Hundreds of local Catholics gathered at St. John the Baptist Catholic Church on Wednesday evening to pay tribute to the official traveling statue of Our Lady of Fátima.

At 6 p.m., a procession accompanied the religious icon around the church as the Rosary, interspersed with songs, was prayed by more than 100 devout followers in both English and Spanish.

Hispanics ranging from toddlers to seniors made up the majority of the procession that followed the statue, which had been carefully placed on a carrying stand and hoisted up onto the shoulders of six male worshippers.

Dressed in white robes with gold accents, the representation of the Virgin Mary weighs about 40 pounds and stands almost four feet tall. The face of the statue, seemingly pristine despite years of travel, displays a slightly solemn expression.

The 7 p.m. Mass honoring the traveling statue was intended for a Spanish-speaking audience, and led by Father Ramon Pons. Though the church was not as full as it was for the Virgin of Guadalupe celebration on Dec. 12, the Pilgrim Virgin statue drew a sizable crowd.

Believers say that in 1917, the Virgin Mary appeared before 10-year-old Lúcia dos Santos and her two cousins in Fátima, Portugal. For six consecutive months, the apparition of the Blessed Mother, calling herself the “Lady of the Rosary,” continued to visit the children, asking them to do penance and make personal sacrifices to save other sinners.

Through her appearances, the figure revealed her “Three Secrets of Fátima” to the children, which Catholics have interpreted as prophecies dealing with hell, World War I and World War II, and the shooting of Pope John Paul II. Believers also credit the statue with performing several miraculous feats, such as shedding human tears and causing celestial spectacles.

As a way of sharing Our Lady of Fátima with those unable to make the pilgrimage to Portugal, a second statue was completed and blessed on Oct. 13, 1947. The traveling statue has been on the move ever since.

“I wanted to have it close to our solemnity, which was yesterday,” said Father Gordon Kalil, the pastor at St. John’s. “So Jan. 1 we had Mary Mother of God, and Jan. 2 we have Our Lady of Fátima.”

A solemnity is a feast day that celebrates a significant event in the life of Jesus, his mother Mary, or an important saint. Solemnities are classified as the highest ranking feast day.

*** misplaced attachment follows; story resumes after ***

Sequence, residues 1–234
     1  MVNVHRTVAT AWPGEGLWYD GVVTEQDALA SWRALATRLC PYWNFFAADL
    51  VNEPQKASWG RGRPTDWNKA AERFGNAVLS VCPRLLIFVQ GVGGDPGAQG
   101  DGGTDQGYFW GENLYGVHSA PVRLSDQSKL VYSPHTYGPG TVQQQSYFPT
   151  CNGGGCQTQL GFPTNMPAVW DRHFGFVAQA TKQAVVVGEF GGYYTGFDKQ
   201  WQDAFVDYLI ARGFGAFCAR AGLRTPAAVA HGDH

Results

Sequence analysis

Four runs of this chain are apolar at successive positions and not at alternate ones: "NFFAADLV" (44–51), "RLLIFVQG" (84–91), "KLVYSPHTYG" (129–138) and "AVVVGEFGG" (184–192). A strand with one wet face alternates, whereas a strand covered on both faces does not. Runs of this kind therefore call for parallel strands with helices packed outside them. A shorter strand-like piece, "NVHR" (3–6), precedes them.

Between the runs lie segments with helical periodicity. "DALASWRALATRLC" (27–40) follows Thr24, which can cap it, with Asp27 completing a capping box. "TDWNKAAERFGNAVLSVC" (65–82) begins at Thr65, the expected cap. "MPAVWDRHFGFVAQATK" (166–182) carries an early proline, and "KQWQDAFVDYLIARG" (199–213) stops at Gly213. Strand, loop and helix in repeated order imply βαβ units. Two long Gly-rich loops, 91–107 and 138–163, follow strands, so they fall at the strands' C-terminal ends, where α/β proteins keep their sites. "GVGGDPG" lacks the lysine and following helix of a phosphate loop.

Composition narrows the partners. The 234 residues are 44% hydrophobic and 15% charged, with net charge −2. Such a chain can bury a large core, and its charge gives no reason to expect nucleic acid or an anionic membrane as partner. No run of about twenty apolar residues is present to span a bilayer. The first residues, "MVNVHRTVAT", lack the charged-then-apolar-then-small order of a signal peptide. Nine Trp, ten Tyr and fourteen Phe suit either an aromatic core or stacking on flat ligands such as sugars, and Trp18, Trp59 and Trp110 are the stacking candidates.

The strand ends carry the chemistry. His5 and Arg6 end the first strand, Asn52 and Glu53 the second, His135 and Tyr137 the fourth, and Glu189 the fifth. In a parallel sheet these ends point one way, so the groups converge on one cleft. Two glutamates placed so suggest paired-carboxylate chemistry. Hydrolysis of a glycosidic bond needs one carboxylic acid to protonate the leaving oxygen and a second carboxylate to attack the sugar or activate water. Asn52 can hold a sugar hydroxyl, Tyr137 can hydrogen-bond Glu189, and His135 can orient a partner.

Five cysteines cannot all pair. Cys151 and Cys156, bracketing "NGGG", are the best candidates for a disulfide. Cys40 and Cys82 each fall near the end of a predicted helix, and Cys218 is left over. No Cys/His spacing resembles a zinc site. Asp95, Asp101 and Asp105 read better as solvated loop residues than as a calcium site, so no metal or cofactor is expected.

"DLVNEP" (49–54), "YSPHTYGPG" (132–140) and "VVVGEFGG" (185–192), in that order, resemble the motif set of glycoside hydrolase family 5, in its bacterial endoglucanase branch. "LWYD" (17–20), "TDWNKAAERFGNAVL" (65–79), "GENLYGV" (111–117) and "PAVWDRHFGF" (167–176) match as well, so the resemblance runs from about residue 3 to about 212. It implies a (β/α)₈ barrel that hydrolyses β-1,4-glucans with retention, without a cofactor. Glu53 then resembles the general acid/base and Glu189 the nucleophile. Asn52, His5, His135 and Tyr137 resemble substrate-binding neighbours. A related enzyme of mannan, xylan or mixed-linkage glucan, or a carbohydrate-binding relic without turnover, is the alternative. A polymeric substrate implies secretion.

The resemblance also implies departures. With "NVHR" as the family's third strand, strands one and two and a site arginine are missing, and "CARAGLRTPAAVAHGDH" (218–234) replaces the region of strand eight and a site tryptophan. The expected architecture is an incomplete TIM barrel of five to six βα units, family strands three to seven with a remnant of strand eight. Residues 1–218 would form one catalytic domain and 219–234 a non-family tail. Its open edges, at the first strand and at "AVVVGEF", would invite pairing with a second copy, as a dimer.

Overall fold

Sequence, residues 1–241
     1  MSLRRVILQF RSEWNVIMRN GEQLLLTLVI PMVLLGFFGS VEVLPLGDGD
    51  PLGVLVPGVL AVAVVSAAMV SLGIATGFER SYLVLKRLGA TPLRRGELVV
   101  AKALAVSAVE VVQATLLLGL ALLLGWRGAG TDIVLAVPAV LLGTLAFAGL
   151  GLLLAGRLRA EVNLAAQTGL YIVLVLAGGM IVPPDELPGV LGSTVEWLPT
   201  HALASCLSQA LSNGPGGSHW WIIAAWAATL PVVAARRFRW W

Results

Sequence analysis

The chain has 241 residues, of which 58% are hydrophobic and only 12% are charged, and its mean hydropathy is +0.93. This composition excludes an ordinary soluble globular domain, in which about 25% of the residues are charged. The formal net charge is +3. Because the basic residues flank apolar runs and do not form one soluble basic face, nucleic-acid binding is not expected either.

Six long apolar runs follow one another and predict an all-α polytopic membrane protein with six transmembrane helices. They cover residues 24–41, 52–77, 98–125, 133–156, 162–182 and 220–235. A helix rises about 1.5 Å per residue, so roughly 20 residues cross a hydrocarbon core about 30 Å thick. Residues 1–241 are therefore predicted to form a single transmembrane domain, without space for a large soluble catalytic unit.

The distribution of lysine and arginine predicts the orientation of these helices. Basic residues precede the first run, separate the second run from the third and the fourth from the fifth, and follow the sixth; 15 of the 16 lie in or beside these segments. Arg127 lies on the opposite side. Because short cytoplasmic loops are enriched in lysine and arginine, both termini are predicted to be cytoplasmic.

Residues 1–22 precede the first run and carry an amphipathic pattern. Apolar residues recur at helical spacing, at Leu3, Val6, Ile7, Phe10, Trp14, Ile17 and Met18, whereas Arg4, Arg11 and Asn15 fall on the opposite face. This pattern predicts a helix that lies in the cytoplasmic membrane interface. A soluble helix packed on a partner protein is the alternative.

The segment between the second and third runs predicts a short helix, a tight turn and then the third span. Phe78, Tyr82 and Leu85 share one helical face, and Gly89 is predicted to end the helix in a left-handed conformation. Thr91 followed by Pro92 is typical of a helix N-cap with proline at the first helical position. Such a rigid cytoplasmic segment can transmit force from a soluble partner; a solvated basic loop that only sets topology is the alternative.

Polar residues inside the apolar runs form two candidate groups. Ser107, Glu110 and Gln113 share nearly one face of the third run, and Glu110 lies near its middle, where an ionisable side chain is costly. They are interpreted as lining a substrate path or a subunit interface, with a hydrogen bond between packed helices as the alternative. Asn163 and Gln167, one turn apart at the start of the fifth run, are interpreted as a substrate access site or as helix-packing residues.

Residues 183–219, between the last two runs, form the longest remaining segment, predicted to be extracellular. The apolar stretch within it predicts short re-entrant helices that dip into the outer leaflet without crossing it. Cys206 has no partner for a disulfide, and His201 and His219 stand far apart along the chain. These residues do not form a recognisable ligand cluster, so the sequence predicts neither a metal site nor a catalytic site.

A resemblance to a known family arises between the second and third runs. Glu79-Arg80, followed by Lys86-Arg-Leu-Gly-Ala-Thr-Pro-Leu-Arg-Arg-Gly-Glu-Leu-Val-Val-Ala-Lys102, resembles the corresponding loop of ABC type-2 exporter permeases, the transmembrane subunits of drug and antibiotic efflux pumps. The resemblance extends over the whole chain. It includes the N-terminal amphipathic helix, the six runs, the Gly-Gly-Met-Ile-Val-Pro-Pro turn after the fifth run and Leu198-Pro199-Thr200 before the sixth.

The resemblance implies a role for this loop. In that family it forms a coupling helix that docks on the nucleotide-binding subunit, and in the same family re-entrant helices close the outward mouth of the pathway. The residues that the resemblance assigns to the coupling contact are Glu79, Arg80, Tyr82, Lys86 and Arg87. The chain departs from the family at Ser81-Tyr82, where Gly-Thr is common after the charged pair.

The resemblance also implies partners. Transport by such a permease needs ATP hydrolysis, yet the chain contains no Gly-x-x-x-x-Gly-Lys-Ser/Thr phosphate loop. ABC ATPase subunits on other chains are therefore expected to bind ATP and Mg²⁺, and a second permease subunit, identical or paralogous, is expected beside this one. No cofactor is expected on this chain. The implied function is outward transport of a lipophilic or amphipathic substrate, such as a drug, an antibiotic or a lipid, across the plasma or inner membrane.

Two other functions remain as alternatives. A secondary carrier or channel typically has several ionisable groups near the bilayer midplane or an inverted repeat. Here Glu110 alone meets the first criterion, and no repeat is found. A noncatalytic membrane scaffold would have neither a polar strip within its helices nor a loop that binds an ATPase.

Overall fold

The Knights of Columbus volunteered to guard the statue during its two-day stay at St. John’s. Four knights took turns guarding Our Lady of Fátima after Mass, and they remained at their post until the church closed at 10 p.m.

“It’s great that we have the opportunity to see Our Lady of Fátima in person,” said Monica Huerta of Napa, in Spanish. “We are very lucky that the statue came to us. I don’t think too many people get this chance.”

After Mass, worshippers congregated around the decorated table holding the statue in the center of the church. At its base was a sign that read “Do Not Touch Her, She Will Touch You.” Many filled out petitions asking Our Lady of Fátima for her blessing, photographed the icon and continued to pray.

“There are many graces that are associated with prayers and intercessions. That’s why you see lots of people taking those forms to write prayers,” said Father Kalil.

Arturo Guzman, a 43-year-old field worker from Guanajuato, Mexico, believes that this religious statue is unique in the way it connects with so many Catholics, without forcing them to travel long distances.

“She is very special because of the number of people that have personally been able to see her. It’s not like visiting the Basilica of Our Lady of Guadalupe, or going to Rome. You don’t need to go far if she comes to your town,” Guzman said in Spanish.

Mass was held twice for English speakers on Thursday before the statue left for Sonoma on Thursday.

(2) comments

prolifenapa
prolifenapa

Our Lady of Fatima honored at St. John's, reported by Alex Loyola, really captured the meaning and power of the Napa event and the photography by Lisa James says more than any words could ever hope to convey. Thank you for sharing that most positive story with our community. The enthusiasm and devotion toward the Mother of God, especially of our Hispanic community,is vivid both in your prose and your pictures. The history of this particular icon from Fatima, Portugal, is fascinating; the astounding accuracy of the 1917 message about the coming wars and the evil Russian empire that could have been averted and would eventually be defeated by prayer and fasting were the history but even more significant is the present. Now we see people of every nation bending their knees and begging God to change our hearts of stone. What a great story you have told our Napa community. Thank you.

NapaHawk
NapaHawk

As Catholics, we recognize throughout history Jesus sends His mother to remind us and call us back to living as true disciples of the Lord. The Bishop of Fatima himself accompanied this Pilgrim Virgin Statue around the world three times, and on more than thirty occasions it is reported to have shed human tears. Mary's last recorded words in the Gospels (John 2:5) are "do whatever He tells you." Good advice; I'd say.

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